Bio

Membership Organizations


  • AMA: American Medical Association/ CMA: California Medical Association, Co-President
  • APAMSA: Asian/Pacific American Medical Student Association, Co-President
  • Pacific Free Clinic, Women's Clinic Coordinator
  • Screen Team, Volunteer
  • PALS - Pediatric Chronic Disease Mentorship Program, Volunteer

Education & Certifications


  • Bachelor of Science, University of California Los Angeles, Biological Sciences (2011)

Clerkships


  • 2014 Autumn - DERM 398W Clinical Elective in Dermatology (AWAY)
  • 2014 Autumn - OPHT 300E Ophthalmology Clerkship
  • 2014 Spring - DERM 300A Dermatology Clerkship
  • 2014 Spring - MED 314A Advanced Medicine Clerkship
  • 2014 Spring - SURG 300A Surgery Core Clerkship
  • 2014 Summer - ANES 306A Critical Care Core Clerkship
  • 2014 Summer - DERM 310B Advanced Clinical Elective in Dermatology
  • 2014 Winter - DERM 398A Clinical Elective in Dermatology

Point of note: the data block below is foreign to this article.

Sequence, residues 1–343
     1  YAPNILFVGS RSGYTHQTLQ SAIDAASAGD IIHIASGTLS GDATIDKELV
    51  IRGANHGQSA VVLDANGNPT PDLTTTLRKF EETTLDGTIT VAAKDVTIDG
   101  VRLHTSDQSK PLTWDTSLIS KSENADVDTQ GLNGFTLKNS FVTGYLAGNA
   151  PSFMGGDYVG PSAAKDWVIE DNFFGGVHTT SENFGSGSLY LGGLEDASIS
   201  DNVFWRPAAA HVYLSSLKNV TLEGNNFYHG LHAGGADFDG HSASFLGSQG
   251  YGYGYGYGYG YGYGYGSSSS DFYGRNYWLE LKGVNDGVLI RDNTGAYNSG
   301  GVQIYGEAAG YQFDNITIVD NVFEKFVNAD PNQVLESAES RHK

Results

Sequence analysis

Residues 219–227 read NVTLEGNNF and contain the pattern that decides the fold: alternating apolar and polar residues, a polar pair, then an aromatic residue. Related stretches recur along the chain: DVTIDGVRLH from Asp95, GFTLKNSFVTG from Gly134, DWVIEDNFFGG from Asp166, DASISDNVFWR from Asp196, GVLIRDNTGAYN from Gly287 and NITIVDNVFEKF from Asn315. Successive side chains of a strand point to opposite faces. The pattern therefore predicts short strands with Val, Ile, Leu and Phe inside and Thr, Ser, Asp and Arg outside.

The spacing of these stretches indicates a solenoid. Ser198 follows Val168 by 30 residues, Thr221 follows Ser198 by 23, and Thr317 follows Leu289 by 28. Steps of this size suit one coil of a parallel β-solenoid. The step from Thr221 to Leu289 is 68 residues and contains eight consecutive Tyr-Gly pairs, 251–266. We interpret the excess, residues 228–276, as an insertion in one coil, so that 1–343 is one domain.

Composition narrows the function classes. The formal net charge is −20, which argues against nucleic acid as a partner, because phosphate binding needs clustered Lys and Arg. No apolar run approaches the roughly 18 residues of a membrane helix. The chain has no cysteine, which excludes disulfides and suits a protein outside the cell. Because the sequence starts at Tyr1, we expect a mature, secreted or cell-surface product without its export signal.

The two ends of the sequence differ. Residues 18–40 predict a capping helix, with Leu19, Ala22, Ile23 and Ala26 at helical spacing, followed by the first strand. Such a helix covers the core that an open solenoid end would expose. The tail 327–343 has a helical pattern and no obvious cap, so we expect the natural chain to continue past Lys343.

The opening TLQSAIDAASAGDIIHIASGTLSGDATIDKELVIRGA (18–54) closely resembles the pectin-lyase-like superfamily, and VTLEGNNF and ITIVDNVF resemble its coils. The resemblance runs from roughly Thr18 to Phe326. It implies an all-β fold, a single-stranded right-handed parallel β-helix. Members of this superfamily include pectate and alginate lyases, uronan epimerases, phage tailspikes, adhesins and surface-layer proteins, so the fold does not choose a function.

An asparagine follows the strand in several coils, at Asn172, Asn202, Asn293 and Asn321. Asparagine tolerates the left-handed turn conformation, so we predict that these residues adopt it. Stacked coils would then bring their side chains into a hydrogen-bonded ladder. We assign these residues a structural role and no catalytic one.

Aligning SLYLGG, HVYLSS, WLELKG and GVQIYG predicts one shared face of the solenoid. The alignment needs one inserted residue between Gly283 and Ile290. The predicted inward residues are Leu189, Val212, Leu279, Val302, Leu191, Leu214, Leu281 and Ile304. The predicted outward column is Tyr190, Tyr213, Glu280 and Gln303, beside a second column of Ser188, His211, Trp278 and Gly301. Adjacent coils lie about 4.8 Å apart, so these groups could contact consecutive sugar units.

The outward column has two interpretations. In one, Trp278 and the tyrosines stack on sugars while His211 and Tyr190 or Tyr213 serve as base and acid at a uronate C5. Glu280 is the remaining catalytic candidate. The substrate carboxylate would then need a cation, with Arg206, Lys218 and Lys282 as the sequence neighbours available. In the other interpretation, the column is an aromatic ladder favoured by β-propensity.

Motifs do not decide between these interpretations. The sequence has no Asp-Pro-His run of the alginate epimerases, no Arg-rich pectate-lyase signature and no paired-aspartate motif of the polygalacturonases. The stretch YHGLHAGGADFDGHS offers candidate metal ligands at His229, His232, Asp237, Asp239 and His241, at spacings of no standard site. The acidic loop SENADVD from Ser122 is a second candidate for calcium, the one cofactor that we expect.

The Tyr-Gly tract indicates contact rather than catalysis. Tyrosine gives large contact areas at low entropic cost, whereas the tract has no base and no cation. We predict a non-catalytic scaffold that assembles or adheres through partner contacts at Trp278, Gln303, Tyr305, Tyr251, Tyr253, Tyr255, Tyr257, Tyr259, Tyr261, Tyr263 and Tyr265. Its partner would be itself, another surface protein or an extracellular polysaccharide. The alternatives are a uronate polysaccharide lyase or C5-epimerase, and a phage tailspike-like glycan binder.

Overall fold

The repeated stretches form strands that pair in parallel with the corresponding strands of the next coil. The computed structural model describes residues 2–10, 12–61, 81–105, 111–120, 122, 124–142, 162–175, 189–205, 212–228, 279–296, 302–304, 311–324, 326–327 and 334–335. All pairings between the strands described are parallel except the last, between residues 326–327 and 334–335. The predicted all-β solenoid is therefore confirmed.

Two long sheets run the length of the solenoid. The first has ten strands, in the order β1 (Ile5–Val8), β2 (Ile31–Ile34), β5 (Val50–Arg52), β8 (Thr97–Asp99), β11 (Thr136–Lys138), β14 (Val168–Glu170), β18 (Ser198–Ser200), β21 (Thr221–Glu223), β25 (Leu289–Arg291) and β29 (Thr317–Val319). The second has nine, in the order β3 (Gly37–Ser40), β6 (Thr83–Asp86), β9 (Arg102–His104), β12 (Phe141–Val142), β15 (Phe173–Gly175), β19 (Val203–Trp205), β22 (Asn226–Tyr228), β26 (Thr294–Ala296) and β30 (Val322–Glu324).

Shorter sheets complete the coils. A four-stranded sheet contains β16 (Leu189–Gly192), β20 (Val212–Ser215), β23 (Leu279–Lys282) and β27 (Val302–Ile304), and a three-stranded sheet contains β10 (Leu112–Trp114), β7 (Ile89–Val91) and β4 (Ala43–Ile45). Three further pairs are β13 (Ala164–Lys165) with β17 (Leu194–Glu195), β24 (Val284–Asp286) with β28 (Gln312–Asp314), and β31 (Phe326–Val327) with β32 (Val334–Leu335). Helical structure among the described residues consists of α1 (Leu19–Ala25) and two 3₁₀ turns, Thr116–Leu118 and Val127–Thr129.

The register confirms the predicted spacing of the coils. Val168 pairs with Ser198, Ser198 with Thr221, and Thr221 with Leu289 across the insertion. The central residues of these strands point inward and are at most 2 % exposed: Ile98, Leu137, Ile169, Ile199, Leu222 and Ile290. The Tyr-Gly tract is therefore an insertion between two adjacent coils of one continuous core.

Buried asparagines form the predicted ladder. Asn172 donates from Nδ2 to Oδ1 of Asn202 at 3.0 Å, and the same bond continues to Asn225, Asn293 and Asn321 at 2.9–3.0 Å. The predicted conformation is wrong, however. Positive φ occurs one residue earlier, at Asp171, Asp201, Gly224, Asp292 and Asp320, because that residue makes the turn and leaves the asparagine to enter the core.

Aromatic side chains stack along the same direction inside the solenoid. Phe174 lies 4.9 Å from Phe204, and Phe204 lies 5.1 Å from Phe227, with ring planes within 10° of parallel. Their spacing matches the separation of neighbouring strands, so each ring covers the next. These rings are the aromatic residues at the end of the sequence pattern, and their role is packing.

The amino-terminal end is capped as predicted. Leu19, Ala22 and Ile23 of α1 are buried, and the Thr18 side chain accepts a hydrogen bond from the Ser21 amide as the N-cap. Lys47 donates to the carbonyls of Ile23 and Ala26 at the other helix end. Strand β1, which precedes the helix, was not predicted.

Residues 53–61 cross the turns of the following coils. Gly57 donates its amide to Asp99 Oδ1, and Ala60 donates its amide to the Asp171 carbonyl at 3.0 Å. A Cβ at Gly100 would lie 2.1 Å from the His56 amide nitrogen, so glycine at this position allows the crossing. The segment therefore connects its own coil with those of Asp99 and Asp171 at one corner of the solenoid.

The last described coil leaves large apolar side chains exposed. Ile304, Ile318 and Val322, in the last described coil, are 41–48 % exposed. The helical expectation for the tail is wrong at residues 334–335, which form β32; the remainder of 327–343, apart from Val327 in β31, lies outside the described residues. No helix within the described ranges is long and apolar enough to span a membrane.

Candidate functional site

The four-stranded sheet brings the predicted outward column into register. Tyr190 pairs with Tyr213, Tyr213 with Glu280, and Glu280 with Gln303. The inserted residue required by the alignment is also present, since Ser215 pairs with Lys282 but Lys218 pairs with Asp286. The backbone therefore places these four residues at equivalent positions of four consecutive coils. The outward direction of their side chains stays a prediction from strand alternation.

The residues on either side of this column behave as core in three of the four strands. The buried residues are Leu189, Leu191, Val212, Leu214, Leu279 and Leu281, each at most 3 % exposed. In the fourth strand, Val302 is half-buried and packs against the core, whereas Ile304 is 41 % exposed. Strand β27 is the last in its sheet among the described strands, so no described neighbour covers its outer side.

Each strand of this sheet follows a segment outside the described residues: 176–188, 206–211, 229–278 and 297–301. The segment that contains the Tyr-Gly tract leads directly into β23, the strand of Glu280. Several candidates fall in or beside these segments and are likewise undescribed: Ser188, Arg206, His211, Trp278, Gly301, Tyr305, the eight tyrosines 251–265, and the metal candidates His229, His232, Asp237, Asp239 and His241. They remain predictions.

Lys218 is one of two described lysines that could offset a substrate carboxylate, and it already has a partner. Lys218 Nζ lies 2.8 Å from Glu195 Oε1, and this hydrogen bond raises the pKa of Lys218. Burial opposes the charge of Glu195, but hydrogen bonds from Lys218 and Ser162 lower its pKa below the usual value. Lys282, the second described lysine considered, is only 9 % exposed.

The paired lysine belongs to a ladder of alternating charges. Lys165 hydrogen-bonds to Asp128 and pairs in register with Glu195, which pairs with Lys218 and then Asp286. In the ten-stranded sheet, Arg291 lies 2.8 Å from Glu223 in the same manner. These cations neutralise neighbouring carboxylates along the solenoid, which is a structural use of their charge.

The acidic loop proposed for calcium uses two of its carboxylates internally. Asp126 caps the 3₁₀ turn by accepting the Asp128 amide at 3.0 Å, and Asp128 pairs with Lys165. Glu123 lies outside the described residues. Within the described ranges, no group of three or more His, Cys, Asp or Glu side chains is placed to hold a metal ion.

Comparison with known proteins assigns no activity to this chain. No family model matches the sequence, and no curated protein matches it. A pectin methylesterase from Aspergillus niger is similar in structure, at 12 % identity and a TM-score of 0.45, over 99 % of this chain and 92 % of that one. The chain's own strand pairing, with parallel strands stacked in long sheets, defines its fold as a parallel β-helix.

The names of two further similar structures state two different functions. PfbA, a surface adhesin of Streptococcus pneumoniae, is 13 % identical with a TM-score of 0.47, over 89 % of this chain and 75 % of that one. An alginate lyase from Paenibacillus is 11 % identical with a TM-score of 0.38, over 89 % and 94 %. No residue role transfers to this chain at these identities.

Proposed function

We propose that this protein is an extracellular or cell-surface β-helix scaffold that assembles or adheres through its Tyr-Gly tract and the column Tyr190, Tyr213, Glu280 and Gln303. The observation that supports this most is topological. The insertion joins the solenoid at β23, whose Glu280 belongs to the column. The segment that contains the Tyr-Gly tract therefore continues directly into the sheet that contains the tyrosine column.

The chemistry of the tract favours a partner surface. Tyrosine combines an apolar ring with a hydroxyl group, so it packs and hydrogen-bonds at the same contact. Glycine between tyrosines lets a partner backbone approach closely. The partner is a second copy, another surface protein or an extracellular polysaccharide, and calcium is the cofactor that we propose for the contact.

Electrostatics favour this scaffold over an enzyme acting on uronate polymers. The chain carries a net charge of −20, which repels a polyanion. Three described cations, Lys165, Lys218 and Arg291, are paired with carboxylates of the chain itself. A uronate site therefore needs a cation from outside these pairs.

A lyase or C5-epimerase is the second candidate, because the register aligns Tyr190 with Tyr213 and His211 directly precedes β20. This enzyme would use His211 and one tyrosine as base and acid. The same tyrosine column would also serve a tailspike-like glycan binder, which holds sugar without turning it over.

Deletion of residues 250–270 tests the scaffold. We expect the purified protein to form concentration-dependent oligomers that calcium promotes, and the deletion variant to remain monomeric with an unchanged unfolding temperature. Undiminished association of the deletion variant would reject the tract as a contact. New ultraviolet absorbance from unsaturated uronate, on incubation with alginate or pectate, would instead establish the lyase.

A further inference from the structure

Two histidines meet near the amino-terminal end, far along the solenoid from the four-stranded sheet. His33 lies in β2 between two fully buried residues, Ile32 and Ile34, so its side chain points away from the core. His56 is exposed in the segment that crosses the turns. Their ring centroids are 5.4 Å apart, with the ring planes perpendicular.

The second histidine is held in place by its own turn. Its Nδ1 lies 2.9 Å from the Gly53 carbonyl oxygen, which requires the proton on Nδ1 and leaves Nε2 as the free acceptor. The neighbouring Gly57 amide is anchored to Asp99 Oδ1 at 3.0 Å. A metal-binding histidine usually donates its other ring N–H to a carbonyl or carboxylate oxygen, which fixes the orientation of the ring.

• 2014 Winter - OBGYN 300A Obstetrics and Gynecology Core Clerkship
  • 2014 Winter - SURG 300A Surgery Core Clerkship
  • 2013 Autumn - FAMMED 301A Family Medicine Core Clerkship
  • 2013 Autumn - PEDS 300A Pediatrics Core Clerkship
  • 2013 Summer - MED 300A General Medicine Core Clerkship

Stanford Advisors


Personal Interests


Mentoring, Hiking, Running 1/2 marathons, Singing

Publications

Journal Articles


  • Low rate of dermatology outpatient visits in Asian-Americans: an initial survey study for associated patient-related factors. BMC dermatology Lingala, B., Li, S., Wysong, A., Truong, A. K., Kim, D., Chang, A. L. 2014; 14 (1): 13-?

    Abstract